Seeing the enthusiasm, energy and learning from ACPS students and staff participating in these clubs has been incredibly rewarding! The demand for them really reflects their popularity, and with the support of ACPS and our generous donors, we’re 100% committed to growing this programming.

Spotlight on M2L/ACPS partnership

We couldn’t ask for a better partner than Alexandria City Public Schools to help bring movement in and out of the classroom to spark learning! We were honored when they talked about our programming in the schools — from active seating in the classroom to before-, during- and after-school activities and clubs — in the ACPS Express “October Partner & Volunteer Highlight” series. Take a read!

Mind Over Movement at Tucker Elementary

Inside Alexandria City Public School Samuel Tucker Elementary is a very special room. In it are cozy areas for building social skills and awareness, tactile learning and even tinkering in the tinker zone. Students can curl up and calm down if they need to in the “Safe Space” tent.

In addition to these stations, the room includes a stationary bike, mini trampoline and balance balls. This is where kids go to get in brain boosting movement that fires the neurons that grow new brain cells. Yes, NEUROGENESIS!

Movement + social and emotional learning

Social and emotional learning are core to the purpose of the room. Heather Dugan Kolovos, an inclusive kindergarten teacher at Tucker, created the space where students can reset and refresh.

“These days, our kiddos can be a bit off the charts behaviorally and socially,” Ms. Kolovos said. “My kindergarteners were three and four years old during the isolation of the pandemic. So, coming from that situation to full-time school can be overwhelming. 

“That’s what this room is all about – to help them identify their feelings, work off extra steam and energy and prepare for academics.”

As she was building out her calming room with the various work stations, Ms. Kolovos reached out to M2L for some active seating ideas. M2L’s Program Director Jen Wiser picked out a small stationary bike, which was the perfect addition to the already spectacular room. 

According to Ms. Kolovos, the bike is the cornerstone of the room. “My students love to hop on the bike for a few minutes. When they’re done, they’re calm and ready.” 

Working throughout ACPS

M2L works within all of Alexandria’s public schools to implement M2L programming, including active seating, SEAL lessons and before-, during- and after-school time activities.

“I met Ms. Kolovos and her students last year when I taught two Social, Emotional and Academic Learning lessons to her class,” Ms. Wiser said. “She truly believes in the power of movement and the benefit it can have on her students’ social-emotional health and learning.

“Giving all students – regardless of their age or grade – the opportunity to move when their emotions get in the way of them doing their best at school is essential. So they can pedal, bounce or jump to reset and get back to work.”

Whole-body movements make learning letter sounds easier!

The C in c-a-t sounds different than the C in o-c-e-a-n than the C in s-i-l-e-n-c-e and so on! That can be confusing for anyone, but for a new comer to the English alphabet — from a child just learning the ABCs to someone learning English as another language — it can be a real stumper.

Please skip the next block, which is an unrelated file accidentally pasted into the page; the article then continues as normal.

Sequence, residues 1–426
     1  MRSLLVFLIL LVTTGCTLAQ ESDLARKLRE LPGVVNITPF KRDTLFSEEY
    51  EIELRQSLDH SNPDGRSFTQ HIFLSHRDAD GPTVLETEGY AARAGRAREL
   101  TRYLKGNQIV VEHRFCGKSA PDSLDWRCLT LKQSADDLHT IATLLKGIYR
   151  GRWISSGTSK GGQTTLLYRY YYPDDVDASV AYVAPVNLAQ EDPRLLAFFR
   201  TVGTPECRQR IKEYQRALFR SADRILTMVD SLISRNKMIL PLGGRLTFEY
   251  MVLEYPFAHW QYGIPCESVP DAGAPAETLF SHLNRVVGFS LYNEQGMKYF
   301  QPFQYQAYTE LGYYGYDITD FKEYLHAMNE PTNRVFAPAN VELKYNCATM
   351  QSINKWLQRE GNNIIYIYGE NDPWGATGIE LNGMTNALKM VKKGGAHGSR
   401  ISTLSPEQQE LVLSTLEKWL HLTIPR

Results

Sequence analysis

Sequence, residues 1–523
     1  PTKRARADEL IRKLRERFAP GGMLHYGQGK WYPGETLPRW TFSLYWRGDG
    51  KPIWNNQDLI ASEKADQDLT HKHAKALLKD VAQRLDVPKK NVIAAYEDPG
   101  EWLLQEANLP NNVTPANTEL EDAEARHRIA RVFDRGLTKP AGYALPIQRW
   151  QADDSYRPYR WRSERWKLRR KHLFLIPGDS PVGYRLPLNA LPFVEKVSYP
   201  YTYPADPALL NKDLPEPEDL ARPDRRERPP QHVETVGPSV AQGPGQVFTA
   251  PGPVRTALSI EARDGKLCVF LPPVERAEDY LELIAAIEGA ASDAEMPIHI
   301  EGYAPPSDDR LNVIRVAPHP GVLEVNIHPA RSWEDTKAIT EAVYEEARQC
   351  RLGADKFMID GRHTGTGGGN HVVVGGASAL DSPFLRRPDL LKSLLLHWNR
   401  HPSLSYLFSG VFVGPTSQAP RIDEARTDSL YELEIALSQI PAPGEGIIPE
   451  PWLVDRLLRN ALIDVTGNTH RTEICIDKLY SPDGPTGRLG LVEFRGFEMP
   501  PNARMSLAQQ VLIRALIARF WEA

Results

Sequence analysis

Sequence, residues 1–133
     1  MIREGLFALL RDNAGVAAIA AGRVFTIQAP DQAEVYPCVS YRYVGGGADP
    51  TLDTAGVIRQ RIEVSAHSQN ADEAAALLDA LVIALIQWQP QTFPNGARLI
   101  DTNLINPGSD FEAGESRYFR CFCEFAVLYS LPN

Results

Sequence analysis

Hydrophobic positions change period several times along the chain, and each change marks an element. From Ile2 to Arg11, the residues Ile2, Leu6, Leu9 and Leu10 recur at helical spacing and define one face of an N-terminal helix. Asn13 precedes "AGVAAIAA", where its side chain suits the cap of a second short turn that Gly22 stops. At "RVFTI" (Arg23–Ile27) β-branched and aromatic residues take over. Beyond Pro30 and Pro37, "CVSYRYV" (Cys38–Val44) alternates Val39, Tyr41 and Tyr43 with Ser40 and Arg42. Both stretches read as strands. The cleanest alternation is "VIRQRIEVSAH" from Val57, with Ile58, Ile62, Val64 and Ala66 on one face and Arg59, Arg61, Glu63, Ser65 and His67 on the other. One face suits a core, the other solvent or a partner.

At Move2Learn, we know how critical movement is to getting the brain going to learn it’s best. New research backs that up, showing how integrating whole-body movements into learning the alphabet improves students’ recollection of letter-sound pairings and hard-to-learn sounds. Take a listen to Edutopia’s recent blog to learn more.

RunningBrooke is now Move2Learn

It’s official: RunningBrooke is now Move2Learn! Why the change? Because the name Move2Learn captures the essence of our work. How?

‣We use movement to transform learning so all students can reach their highest potential;

‣We provide students and educators simple yet revolutionary tools that inspire movement to prime the brain for learning; and

‣We teach the importance of the body-mind connection and the role of movement in social, emotional and academic well-being.

It’s all about Move2Learn!

Move2Learn President and CEO Brooke Sydnor Curran tells the story behind the change.

Additionally, the change is about creating a new era for our organization, a new way of delivering services and a new way of supporting and providing resources to students, especially those traditionally overlooked, to level the learning field. How will we do that?

‣Identify unmet needs for new programming; 

‣Identify more opportunities to apply the Move2Learn mission; and

‣Identify new partnerships to raise awareness about the importance of movement in learning.

Moreover, our new name conveys our important work simply and clearly. We’re the only organization in the region that offers robust programming and equipment to keep students moving. Our expertise in the field makes us a first stop and trusted resource for educators.

And all of this programming comes at no cost to students and teachers – we remove that barrier, thanks to the investment of our supporters.

These developments – including expanded outreach to middle and high schools, out of school programming and SEAL lessons – contribute to Move2Learn’s continued legacy of serving the community. We’re proud to be stewarding this work into the future.